Speed Kills: Who Killed the Cigarette Boat King, the Fastest Man on the Seas?

Speed Kills: Who Killed the Cigarette Boat King, the Fastest Man on the Seas?

by Arthur Jay Harris

NOOK Book(eBook)

$4.99
View All Available Formats & Editions

Available on Compatible NOOK Devices and the free NOOK Apps.
WANT A NOOK?  Explore Now
LEND ME® See Details

Overview

A feature film, SPEED KILLS, starring John Travolta, based on my book, will premiere in Fall 2018!
Watch the trailer:
https://www.screendaily.com/news/first-look-trailer-john-travolta-in-speedboat-drama-speed-kills-exclusive/5129868.article

The most famous speedboat racer, the creator of the famous Cigarette fast boats, the boat of choice for drug smugglers, is murdered in Miami in broad daylight in front of dozens of witnesses. The case takes police ten years to solve -- and leaves questions to whether they got it right.

Speed Kills was originally published by Avon Books.

"Ocean racing superstar Don Aronow loved it when writers called him a living legend. His life of adventure is well known. It is his death that baffles police.

"He was afraid of nothing, no one. In his final hour, when a stranger spoke to him in riddles and talked about killing, Aronow laughed. He felt no fear, until he lowered the window of his white Mercedes and looked death in the face. And then it was too late."

-- Edna Buchanan, in The Miami Herald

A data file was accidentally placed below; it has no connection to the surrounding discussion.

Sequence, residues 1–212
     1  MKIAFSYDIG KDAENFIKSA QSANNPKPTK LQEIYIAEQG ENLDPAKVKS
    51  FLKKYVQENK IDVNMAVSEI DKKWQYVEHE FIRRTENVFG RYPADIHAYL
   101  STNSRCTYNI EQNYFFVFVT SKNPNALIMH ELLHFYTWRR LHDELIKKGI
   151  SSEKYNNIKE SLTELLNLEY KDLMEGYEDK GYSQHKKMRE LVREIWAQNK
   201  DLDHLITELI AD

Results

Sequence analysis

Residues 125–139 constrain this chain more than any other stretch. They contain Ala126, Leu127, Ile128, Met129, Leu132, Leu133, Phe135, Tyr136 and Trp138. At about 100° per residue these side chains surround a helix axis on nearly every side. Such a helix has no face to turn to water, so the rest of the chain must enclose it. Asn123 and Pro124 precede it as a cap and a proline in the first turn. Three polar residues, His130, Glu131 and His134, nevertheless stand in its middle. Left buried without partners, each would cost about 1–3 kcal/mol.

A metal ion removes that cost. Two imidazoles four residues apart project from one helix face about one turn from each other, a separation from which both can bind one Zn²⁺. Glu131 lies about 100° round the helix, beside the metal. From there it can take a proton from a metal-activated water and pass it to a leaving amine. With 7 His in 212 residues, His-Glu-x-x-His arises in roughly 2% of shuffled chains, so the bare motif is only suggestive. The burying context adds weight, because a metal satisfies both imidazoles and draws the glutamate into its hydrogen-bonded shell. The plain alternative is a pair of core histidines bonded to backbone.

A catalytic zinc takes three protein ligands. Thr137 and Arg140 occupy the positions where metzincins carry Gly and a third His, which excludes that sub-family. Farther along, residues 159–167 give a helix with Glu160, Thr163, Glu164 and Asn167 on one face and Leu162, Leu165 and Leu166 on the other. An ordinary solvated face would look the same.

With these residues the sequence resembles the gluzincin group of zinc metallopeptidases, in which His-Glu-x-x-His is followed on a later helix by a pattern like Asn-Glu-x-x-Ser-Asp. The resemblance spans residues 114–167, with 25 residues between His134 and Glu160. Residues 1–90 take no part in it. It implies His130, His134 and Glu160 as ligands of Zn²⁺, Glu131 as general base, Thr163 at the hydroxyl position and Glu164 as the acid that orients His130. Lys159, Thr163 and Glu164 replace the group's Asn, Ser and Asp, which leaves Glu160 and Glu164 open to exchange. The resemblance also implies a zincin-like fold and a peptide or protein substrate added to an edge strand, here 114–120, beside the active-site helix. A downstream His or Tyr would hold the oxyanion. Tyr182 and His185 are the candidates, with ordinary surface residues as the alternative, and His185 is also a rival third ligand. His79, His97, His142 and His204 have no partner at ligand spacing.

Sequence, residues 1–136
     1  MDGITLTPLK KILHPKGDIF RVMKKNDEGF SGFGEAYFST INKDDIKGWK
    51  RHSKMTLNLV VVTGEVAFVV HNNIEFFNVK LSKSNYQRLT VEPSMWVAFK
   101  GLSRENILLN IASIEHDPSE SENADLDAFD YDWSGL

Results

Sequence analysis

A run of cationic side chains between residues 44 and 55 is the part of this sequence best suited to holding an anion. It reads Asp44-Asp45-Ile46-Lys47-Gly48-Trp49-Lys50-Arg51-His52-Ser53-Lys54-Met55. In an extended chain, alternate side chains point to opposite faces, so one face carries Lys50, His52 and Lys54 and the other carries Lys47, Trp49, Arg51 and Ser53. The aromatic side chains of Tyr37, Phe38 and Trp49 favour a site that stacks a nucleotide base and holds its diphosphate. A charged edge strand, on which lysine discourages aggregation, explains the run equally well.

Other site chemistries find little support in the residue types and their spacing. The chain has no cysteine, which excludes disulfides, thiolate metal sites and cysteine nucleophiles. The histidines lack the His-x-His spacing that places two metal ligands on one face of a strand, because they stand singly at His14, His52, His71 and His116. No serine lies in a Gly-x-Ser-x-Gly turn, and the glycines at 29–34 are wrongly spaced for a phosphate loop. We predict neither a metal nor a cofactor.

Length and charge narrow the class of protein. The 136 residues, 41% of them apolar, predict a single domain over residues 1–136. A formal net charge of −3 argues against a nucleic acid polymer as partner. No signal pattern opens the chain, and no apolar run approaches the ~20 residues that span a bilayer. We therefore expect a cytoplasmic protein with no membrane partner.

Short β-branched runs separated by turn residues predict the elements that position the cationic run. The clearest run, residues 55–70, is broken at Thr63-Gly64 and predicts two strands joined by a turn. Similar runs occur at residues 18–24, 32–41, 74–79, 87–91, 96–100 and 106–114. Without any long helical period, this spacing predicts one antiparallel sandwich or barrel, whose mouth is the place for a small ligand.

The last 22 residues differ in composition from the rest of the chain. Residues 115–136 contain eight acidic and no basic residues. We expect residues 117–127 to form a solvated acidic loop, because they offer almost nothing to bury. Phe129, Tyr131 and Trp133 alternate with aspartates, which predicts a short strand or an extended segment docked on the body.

Bordering a canal leading to Biscayne Bay, a short dead-end stretch of Northeast 188th Street in Miami was the crossroad of the Americas in the mid-1980s for the biggest drug smugglers into the U.S.; the guys who ripped off the drug smugglers; the biggest South American drug suppliers; competing federal agencies investigating major drug trafficking and money laundering; the CIA, covertly advancing the Contra war against Central American land reform (which they called Cuban-sponsored communism); some of the highest national politicians in the country--and what attracted them all there, the most famous fast-boat companies in the world.

On that splashy boulevard of (wet) dreams factories built marine magazine-ad ultra-sleek gleaming speedboats ostensibly for racers, royalty to show off on the Côte d'Azur, and wealthy divorced or divorcing middle-age overweight men to pick up South Florida's sun-soaked hot chicks in string bikinis (while the rest of us unwashed wondered how they did it), but the boat builders' real business was fueling an arms race between smugglers, who purchased them for cash, and Drug War feds to catch smugglers.

The storied creator of the quantum-leap faster Cigarette boat, against which all other "penis" boats were measured, as well as a two-time powerboat racing world champion and the personification of a sport in which people crazily risked their lives and bodies to win--not to mention a wicked ladies' man to boot, Don Aronow was shot and killed in broad daylight in front of his factory in 1987. Police found they didn't just have a murder mystery--they had Murder on the Orient Express.

FEBRUARY 3, 1987
USA Racing Team, Miami, Florida

Someone entered the front door and walked in front of salesman Jerry Engleman's desk. He asked to speak with Don Aronow, then looked right at him without recognizing him.

"What do you want?" Aronow said.

"I've been trying to get ahold of you," the man said. He said he worked for a very rich man, with an Italian surname, who wanted to make an appointment to buy a boat.

"I never heard of him," Aronow answered.

Engelman could tell something else was happening, and he thought Aronow was trying to find out what.

Then the conversation got weird. He was proud of his boss, he said. "He picked me up off the street when I was sixteen and took care of me. I'd even kill for my boss."